Inspired by a passion for movies, in the early 1970s Chuck Dolan developed an idea to bring movies and live sports to the cable television audience under an innovative new model. Time Life approved the plan in 1971 and provided financing for the idea. Dolan formed a team of talented executives, including John Barrington from TelePrompTer and Gerald Levin, a 33-year-old attorney working at an international law firm. The team had to overcome countless legal, programmatic and technology barriers along the way to get the new venture off the ground.
Then, as now, success depends on the delivery of great content. When the new team looked for movie content, they naturally turned to the Hollywood studios. The resistance was fierce, but they managed to strike a deal with Universal Pictures for a collection of films. In the sports arena, resistance was equally ferocious. Sport teams at the time relied heavily on ticket sales and blackout rules prevented the viewing of some sports events on television. Sport franchises protected their content and television viewing was not the revenue driver it is today.
John Walson of Service Electric deserves the credit for working with the HBO founders to deliver the first programs on November 8, 1972. He was facing competition from a rival cable company and felt that HBO would give him an edge. In the age before satellite, microwave transmission was the best way to feed a signal into Walson’s Wilkes Barre service area. On that evening, the weather did not cooperate; the freezing rain and high winds made the necessary alignment of the signal difficult. Reports show that an employee had to climb the tower to hold things together and to keep everything working.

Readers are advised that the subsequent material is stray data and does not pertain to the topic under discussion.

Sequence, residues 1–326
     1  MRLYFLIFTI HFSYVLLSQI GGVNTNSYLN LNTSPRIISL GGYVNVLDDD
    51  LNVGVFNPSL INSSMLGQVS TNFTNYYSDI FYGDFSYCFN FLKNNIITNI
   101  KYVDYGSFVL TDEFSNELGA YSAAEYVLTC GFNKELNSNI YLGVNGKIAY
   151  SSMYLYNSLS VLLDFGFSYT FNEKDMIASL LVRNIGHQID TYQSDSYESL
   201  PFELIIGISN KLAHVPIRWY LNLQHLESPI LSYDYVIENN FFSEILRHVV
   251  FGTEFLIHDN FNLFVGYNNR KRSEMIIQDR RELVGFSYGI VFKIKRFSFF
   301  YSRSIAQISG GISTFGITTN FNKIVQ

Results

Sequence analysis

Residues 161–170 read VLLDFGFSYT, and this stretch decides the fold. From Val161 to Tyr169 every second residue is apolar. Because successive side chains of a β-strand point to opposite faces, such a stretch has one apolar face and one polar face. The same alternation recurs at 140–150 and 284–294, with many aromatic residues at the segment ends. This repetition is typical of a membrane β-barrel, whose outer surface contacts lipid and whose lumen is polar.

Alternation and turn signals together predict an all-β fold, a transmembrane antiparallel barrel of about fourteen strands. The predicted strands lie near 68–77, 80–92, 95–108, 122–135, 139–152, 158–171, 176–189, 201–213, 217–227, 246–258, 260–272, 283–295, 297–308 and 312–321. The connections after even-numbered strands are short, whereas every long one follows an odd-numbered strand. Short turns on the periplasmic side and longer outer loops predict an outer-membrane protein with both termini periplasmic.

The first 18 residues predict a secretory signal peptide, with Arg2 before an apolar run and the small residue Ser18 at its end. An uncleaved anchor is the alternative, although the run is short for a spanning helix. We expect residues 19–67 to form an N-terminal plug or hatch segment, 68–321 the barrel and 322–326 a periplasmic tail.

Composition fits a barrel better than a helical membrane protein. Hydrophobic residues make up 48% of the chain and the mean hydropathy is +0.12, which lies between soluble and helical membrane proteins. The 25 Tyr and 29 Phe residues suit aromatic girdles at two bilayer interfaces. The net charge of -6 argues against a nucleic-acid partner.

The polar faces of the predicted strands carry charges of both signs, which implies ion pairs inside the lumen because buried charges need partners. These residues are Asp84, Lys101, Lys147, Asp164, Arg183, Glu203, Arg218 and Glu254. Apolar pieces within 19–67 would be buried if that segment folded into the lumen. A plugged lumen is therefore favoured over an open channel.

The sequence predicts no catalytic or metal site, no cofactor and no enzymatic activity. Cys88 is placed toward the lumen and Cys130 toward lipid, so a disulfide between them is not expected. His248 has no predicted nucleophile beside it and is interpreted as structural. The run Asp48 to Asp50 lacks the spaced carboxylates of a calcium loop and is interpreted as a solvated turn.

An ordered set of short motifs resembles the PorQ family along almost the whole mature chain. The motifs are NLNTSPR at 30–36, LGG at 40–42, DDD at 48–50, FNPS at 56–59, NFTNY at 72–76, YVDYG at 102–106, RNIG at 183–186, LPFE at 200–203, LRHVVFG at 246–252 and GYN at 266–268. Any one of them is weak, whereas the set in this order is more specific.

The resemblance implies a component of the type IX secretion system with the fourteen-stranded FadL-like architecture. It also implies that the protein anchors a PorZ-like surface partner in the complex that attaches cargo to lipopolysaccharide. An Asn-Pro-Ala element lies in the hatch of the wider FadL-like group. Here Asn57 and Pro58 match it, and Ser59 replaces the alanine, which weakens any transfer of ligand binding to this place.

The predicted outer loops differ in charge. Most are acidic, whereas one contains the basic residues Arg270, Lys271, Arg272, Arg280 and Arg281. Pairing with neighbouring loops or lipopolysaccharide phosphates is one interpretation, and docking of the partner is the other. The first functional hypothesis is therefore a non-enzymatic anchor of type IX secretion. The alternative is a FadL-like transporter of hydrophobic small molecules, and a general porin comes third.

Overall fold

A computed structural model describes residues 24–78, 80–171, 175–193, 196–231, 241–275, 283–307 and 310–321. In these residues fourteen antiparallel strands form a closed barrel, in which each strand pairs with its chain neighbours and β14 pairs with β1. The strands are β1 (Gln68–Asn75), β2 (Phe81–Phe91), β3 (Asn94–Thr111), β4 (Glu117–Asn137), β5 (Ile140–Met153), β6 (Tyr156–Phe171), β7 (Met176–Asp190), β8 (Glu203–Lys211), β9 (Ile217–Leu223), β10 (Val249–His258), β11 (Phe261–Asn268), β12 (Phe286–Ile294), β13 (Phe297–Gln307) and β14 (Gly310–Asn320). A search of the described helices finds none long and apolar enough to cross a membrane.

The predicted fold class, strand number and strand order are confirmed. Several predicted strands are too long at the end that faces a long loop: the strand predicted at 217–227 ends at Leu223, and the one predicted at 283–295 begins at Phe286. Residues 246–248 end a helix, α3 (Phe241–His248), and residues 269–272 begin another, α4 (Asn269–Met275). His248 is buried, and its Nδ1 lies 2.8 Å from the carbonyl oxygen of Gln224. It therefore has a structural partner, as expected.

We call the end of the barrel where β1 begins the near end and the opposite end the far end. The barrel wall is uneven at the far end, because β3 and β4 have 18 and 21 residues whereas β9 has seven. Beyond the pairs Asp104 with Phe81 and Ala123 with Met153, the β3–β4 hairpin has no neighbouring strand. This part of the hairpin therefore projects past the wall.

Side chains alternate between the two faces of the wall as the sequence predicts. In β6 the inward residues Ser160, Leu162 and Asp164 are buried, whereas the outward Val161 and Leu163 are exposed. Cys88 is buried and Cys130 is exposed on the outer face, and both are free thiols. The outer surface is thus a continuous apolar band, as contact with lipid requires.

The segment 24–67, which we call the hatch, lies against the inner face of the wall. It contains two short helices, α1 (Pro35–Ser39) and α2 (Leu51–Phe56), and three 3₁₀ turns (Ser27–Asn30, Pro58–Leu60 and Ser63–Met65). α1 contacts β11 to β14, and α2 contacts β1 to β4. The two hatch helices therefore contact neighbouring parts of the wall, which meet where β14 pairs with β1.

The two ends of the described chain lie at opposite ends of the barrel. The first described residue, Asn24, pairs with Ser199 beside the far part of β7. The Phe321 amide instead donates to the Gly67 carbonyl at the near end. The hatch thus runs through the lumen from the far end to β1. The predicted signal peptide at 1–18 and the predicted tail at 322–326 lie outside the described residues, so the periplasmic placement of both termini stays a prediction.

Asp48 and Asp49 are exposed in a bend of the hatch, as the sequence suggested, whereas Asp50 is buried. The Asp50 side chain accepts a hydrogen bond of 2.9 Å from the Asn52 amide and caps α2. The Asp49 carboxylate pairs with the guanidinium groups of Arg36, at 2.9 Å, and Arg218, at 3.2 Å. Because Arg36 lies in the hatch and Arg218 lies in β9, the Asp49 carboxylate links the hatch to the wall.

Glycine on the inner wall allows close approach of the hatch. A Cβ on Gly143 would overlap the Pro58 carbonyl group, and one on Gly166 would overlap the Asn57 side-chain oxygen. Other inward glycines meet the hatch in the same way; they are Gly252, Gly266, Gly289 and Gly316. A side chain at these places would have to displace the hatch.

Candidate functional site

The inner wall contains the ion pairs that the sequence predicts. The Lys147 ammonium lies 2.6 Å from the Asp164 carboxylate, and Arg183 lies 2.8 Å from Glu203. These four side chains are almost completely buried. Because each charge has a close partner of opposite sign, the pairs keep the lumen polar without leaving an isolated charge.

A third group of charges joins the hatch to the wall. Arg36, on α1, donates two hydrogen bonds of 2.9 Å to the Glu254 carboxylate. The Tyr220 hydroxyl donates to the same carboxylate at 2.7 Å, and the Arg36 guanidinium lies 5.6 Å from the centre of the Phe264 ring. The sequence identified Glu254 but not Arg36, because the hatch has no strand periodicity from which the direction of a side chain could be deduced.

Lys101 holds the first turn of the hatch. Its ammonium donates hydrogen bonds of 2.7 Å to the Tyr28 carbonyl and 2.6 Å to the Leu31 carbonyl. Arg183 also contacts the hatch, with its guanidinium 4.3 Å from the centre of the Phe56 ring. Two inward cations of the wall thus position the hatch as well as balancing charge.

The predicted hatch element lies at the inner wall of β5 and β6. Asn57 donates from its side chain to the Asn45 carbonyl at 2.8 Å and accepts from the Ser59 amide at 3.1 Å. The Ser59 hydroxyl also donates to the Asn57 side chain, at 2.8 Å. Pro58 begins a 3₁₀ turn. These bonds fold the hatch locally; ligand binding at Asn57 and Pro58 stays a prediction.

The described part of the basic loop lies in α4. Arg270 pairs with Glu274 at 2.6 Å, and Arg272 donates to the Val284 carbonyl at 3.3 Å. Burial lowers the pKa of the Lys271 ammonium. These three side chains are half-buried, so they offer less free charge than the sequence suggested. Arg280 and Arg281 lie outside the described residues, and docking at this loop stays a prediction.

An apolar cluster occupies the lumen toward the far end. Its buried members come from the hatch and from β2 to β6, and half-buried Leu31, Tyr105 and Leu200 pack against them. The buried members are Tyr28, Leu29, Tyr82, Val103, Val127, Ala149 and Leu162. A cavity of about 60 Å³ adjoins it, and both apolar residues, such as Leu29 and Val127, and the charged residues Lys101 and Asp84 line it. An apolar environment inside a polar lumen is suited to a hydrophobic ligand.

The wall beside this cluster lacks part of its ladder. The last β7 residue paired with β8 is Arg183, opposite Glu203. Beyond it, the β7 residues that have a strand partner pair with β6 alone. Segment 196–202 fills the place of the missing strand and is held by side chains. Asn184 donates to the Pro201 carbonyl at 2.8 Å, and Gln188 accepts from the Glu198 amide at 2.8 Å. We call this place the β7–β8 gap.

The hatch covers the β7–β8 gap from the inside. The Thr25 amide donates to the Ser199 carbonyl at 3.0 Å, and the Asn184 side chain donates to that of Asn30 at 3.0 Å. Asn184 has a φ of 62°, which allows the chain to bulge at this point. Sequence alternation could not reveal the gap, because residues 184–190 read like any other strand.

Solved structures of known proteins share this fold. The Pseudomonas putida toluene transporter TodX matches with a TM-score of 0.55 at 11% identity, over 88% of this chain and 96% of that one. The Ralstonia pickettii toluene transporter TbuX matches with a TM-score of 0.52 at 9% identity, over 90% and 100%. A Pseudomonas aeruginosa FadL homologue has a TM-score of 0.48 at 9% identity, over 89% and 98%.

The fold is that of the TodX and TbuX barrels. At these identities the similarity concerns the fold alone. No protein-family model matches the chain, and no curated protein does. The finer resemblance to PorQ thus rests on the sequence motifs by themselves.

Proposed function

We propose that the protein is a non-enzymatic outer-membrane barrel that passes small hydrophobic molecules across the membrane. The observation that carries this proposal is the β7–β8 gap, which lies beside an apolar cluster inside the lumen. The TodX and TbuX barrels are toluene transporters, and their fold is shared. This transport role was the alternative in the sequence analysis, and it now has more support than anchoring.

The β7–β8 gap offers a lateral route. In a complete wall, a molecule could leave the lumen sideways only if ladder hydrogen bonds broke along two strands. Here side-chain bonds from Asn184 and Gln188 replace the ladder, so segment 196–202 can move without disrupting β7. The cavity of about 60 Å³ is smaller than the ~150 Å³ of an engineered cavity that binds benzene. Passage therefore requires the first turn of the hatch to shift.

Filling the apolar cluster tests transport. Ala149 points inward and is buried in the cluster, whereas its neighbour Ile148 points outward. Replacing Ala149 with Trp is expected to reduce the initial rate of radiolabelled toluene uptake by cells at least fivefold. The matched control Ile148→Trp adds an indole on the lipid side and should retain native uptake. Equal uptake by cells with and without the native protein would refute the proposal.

Just a few minutes before coming on the air, Levin recalls that they were still having difficulty with the transmission. He introduced HBO that evening, and the program started with a hockey game and the movie “Sometimes a Great Notion,” starring Paul Newman. The system had signed 375 customers to HBO in Wilkes Barre before the broadcast. HBO entered the history books that day, but the service grew for one other reason that we do not think about today. The agreement between HBO and Service Electric introduced a novel financial arrangement called revenue sharing. The monthly fee for HBO was set at $6.50 per month with HBO getting $3.50 and $3.00 going to Service Electric. This established the pattern for the agreements between cable operators and programmers for all other services to this day.
HBO flourished in the satellite era as the cost of transmission went down and reliability went up. Like other companies, the business we see today is the result of numerous people making individual contributions to deliver a superior product to the customer. We forget the First Amendment battles to show movies as the filmmaker intended that HBO fought along the way. We don’t think much about the evolution of the service from old movies to “Boardwalk Empire” and even the latest innovations like HBO GO. Imagine 375 customers to 100 million in forty years—who would have thought that was even possible in 1972? HBO is a great success story by any measure, and thanks to some great leaders at HBO, we will look forward to their continued success well into the future.
(Larry Satkowiak is president and CEO of The Cable Center, the nonprofit educational arm of the cable industry. The Center preserves cable’s enduring contributions to society, strengthens relationships between cable and academia and unites the industry around the advancement of exceptional customer service. www.cablecenter.org)